"It Worked for Me: In Life and Leadership" is a book written by Colin Powell, a retired four-star general and former chairman of the Joint Chiefs of Staff and U.S. Secretary of State. Published in 2012, the book provides valuable insights and lessons from Powell's extensive military and public service, and political career, as well as his personal life experiences.
The book is divided into short chapters, each focusing on a specific lesson or principle that Powell has learned throughout his life. These lessons cover a wide range of topics, including leadership, personal development, teamwork, decision-making, and communication.
Powell shares anecdotes and stories from his military service, where he held prominent positions such as National Security Adviser and Chairman of the Joint Chiefs of Staff. He reflects on the challenges he faced and the strategies he employed to overcome them, offering practical advice and guidance to readers.
The book emphasizes the importance of integrity, honesty, and ethical conduct in both personal and professional life. Powell emphasizes the significance of leading by example, cultivating strong relationships, and fostering a sense of responsibility and accountability.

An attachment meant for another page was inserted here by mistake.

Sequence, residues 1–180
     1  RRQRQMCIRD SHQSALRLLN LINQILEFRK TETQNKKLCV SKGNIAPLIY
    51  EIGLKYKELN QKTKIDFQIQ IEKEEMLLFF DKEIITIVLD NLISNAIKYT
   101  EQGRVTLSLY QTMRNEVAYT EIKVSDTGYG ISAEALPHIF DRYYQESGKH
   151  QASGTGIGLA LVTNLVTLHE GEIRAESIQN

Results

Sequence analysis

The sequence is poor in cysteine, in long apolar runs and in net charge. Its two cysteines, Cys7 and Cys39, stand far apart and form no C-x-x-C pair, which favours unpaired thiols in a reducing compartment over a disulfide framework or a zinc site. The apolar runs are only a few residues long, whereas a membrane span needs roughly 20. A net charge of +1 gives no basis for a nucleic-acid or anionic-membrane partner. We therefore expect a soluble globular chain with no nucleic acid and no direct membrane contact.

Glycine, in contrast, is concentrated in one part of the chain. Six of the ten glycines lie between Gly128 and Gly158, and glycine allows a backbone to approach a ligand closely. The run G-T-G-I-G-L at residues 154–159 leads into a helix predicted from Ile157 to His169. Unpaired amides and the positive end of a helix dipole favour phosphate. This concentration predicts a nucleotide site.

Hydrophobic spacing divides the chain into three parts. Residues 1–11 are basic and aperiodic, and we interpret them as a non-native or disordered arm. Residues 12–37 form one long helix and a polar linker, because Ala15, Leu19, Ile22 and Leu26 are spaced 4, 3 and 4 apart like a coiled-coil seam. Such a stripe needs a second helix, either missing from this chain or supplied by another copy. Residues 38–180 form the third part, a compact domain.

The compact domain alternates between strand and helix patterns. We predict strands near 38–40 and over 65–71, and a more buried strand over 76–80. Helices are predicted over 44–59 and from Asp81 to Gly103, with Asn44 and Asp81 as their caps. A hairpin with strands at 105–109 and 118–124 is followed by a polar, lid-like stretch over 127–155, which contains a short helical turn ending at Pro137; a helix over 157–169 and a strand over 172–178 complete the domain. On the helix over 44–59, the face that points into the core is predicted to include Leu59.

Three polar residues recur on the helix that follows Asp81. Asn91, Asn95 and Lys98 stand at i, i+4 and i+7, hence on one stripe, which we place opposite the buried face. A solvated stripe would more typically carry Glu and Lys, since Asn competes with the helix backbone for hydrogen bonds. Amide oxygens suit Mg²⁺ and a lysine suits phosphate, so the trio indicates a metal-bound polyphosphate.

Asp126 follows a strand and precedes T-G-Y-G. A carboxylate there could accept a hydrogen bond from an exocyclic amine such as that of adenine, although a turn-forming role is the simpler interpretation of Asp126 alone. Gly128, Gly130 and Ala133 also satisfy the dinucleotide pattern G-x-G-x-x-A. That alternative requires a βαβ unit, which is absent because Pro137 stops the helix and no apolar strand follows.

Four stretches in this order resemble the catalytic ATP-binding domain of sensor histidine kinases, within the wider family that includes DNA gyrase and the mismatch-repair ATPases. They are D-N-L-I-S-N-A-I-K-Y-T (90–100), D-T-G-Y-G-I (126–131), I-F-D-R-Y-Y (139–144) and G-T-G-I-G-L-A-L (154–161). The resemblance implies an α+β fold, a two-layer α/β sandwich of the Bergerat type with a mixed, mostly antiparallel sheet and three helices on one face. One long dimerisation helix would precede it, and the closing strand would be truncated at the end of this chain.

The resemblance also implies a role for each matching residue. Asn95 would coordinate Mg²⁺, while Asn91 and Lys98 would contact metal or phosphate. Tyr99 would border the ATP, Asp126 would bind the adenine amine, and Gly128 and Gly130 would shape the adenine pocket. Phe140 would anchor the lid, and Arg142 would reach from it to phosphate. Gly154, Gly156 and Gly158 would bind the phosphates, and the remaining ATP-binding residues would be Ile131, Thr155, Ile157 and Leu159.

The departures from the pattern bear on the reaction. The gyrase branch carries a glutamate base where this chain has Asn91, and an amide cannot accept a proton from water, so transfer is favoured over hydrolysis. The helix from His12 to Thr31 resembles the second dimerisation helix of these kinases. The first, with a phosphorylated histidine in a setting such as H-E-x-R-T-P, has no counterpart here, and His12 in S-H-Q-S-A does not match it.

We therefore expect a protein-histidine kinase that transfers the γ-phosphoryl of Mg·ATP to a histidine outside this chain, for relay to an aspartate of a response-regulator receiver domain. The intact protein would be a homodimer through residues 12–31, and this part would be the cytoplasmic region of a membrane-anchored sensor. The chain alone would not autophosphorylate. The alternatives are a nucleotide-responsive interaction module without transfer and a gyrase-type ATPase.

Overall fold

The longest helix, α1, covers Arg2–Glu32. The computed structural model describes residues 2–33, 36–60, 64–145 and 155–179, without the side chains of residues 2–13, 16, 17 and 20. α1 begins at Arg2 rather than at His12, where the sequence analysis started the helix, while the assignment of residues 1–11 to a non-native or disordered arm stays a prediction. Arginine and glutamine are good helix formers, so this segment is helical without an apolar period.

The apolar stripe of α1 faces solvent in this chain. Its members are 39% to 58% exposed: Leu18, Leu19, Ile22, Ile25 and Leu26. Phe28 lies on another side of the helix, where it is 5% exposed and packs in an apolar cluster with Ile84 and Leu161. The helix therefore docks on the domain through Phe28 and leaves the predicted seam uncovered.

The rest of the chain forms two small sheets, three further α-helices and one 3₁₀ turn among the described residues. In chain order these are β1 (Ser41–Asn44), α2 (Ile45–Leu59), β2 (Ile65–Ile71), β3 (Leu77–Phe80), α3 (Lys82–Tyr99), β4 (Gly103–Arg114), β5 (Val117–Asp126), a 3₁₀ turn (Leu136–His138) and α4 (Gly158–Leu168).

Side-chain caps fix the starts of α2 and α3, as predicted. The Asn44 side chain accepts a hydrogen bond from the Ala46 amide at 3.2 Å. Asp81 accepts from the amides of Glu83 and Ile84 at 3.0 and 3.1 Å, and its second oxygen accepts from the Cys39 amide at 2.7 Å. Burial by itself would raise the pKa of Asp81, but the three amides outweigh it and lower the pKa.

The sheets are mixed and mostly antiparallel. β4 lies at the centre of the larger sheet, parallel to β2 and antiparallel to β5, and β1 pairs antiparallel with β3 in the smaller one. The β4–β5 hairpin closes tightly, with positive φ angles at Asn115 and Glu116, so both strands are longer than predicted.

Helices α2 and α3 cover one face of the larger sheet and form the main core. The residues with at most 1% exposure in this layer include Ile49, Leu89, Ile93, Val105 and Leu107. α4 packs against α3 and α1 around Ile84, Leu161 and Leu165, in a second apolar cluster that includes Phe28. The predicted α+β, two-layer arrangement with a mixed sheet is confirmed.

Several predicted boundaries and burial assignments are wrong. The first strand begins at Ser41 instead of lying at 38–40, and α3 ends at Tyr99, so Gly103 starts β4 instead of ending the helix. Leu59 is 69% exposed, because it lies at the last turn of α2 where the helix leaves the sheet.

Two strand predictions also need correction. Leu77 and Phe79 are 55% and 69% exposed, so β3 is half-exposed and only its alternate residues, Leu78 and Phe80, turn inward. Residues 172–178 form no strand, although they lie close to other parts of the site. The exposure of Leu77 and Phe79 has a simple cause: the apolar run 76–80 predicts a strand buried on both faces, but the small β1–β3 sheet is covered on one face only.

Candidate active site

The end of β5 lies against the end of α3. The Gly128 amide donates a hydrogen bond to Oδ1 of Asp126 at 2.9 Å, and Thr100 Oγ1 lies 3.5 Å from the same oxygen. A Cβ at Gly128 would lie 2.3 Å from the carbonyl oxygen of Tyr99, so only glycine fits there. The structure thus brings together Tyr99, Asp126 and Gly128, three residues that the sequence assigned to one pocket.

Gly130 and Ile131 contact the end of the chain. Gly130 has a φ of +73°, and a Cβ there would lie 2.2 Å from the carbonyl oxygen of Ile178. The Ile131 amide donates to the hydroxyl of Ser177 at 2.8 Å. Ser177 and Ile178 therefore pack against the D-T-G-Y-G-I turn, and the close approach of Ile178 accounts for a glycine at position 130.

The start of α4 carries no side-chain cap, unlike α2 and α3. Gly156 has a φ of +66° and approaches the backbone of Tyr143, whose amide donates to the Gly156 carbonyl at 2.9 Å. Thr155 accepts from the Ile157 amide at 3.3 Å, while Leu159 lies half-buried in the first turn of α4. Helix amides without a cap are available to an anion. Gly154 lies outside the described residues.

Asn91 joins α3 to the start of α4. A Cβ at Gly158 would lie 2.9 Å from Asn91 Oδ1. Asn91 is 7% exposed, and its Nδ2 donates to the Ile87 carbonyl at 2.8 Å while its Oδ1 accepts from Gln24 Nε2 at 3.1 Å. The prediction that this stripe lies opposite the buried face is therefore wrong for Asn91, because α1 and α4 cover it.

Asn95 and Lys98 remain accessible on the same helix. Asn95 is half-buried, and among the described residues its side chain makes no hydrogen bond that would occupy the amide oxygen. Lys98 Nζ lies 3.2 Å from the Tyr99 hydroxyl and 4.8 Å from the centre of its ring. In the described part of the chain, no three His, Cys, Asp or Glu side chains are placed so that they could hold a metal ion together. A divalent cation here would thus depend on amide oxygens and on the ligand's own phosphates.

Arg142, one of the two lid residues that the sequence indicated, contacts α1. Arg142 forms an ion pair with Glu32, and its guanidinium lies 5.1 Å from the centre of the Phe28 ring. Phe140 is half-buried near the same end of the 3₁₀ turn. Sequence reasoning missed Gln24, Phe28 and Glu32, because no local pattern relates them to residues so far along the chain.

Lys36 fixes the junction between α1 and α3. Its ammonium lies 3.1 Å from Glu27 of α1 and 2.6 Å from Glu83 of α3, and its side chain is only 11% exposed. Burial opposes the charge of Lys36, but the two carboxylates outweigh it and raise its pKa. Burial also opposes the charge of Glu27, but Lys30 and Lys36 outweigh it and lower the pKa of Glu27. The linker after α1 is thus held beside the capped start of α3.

Powell's book also touches on the importance of diversity and inclusion, highlighting the value of different perspectives and backgrounds in achieving success. He discusses the need for effective communication and the power of listening, as well as the importance of adaptability and continuous learning.
Throughout the book, Powell shares personal stories that reveal his values, principles, and the lessons he learned from his experiences. He provides practical advice and actionable tips that can be applied in various aspects of life, including business, politics, and personal relationships.